Grade Inflation: Two Different Views
"Grade inflation" is a fashionable topic of academic conversation these days. The term means different things to different people. To some professors it symbolizes a general tendency toward permissiveness and lax standards throughout the university. Others use the phrase to attack ungraded courses and the pass-fail system. But most teachers agitated over "grade inflation" are troubled that too many undergraduate students are receiving high grades in their courses. If good grades are easy to achieve, they feel, students will work little and learn less. As a result, the value of an undergraduate degree, even from an institution like Harvard, will be eroded.
This concern, voiced in faculty meetings throughout the Ivy League, rests upon scanty factual foundations. It is true that a larger proportion of undergraduates make "A's" and "B's" today than a generation ago, and a significantly higher number graduate with honors. But nobody has produced convincing evidence that undergraduates in 1976 study less, or know less, than did their predecessors in, say, 1956. If grades are on the whole higher today, it would seem reasonable to attribute the improvement to the better quality of the undergraduates or, less probably, to more effective teaching on the part of their professors. Instead, the professoriat is in the peculiar position of lamenting the fact that so many of our students are doing so well.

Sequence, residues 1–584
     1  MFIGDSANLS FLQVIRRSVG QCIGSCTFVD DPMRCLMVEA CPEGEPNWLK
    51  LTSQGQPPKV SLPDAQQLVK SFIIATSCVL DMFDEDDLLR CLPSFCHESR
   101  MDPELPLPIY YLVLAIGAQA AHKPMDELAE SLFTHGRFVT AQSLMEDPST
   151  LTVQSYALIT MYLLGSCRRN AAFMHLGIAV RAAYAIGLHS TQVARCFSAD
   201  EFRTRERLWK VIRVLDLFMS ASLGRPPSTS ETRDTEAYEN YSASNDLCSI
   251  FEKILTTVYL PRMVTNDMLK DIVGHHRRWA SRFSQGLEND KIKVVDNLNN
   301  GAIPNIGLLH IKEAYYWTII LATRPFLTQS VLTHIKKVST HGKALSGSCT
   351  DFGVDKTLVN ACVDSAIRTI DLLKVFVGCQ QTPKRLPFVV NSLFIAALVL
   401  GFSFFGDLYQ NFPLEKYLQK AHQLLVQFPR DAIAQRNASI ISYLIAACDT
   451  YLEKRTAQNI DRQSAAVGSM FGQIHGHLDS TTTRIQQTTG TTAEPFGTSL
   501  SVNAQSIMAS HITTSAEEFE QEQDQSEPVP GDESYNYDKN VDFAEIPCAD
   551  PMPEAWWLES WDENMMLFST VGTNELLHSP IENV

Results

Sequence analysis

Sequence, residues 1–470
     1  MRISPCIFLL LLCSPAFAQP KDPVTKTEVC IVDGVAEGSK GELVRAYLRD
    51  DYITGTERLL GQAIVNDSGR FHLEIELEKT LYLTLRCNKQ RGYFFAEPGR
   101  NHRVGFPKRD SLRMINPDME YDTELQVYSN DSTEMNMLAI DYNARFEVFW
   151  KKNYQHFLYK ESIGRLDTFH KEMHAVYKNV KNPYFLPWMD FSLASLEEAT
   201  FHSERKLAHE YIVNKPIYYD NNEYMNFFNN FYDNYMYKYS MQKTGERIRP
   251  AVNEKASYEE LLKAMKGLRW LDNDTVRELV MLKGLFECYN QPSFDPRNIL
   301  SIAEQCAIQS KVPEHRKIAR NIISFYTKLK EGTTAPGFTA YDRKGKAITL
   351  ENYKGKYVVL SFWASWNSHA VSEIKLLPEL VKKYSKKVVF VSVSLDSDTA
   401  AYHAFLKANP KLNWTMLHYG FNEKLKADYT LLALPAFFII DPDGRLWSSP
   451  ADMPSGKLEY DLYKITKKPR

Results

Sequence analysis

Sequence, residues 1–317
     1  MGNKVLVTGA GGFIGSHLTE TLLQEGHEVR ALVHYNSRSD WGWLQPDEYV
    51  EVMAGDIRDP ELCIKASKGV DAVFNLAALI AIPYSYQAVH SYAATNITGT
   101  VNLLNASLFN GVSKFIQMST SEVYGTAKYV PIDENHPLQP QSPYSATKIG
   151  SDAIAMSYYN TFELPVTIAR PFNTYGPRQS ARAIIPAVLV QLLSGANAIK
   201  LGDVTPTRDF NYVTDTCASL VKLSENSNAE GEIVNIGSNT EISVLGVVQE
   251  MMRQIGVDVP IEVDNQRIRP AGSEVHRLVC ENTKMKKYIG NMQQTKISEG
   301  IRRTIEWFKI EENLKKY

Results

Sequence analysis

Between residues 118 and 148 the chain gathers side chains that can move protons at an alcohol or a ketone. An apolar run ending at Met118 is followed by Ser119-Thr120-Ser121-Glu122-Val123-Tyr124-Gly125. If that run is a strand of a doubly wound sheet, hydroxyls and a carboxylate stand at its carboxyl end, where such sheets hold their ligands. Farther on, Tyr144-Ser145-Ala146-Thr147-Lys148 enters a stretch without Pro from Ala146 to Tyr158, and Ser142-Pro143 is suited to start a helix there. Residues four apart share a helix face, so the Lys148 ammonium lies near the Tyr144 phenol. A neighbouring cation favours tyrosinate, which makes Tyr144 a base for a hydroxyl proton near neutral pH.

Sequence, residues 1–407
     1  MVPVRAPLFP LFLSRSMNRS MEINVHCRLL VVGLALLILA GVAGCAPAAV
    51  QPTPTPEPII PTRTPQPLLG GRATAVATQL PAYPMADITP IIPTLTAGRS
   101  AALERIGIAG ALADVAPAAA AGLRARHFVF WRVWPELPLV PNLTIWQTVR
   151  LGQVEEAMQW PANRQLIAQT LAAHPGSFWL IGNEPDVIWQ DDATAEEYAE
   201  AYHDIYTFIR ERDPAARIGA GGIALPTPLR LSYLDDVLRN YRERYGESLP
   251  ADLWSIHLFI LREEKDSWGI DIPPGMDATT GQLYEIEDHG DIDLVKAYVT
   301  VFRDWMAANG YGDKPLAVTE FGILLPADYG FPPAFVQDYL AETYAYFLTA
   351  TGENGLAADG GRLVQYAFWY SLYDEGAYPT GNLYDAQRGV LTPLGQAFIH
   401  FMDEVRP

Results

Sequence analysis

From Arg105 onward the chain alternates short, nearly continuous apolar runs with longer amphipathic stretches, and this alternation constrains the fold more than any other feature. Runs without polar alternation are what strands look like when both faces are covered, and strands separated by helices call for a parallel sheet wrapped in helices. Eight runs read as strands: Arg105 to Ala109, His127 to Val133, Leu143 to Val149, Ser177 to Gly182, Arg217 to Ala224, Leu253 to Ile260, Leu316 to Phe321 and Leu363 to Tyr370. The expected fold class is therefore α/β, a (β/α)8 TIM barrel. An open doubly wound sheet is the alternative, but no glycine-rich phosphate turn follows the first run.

A good deal of the concern about "grade inflation" derives from simple ignorance of statistics. All college teachers have had to learn about the bell-shaped curve, that symmetrical pattern formed by the grades of a large, representative population, and in the minds of many that frequency distribution, intended to be descriptive, has become normative. Whether a teacher uses a precise formula or a rough estimate, he tends to think that the largest number of grades in his course ought to cluster around an average (a "C"), with roughly equal numbers of grades above and below that average. But these days he discovers that the average in his courses is a "B,' or a "B-plus" and that grades like "D" and "F" have largely disappeared. Guiltily he feels that he has failed to give sufficiently difficult examinations or to mark them with adequate rigor. He fails to understand that the bell-shaped curve fits only a representative population and that, by definition, the undergraduates at our better colleges and universities are not representative. Indeed, we have admissions offices to make sure that our students are a carefully selected elite. Rarely does an Ivy League college admit a freshman with SAT scores lower than 600. In a recent freshman class at Harvard, 77% came from the top tenth of their high school graduating class and an additional 11% came from the second tenth. It is, of course, statistically absurd to think that these students will make grades that fall into a "normal" distribution. Grading "on the curve" may have made sense at Harvard in the 1920's, when practically anybody with the right parents and enough money was admitted; it makes no sense at all at Harvard in the 1970's.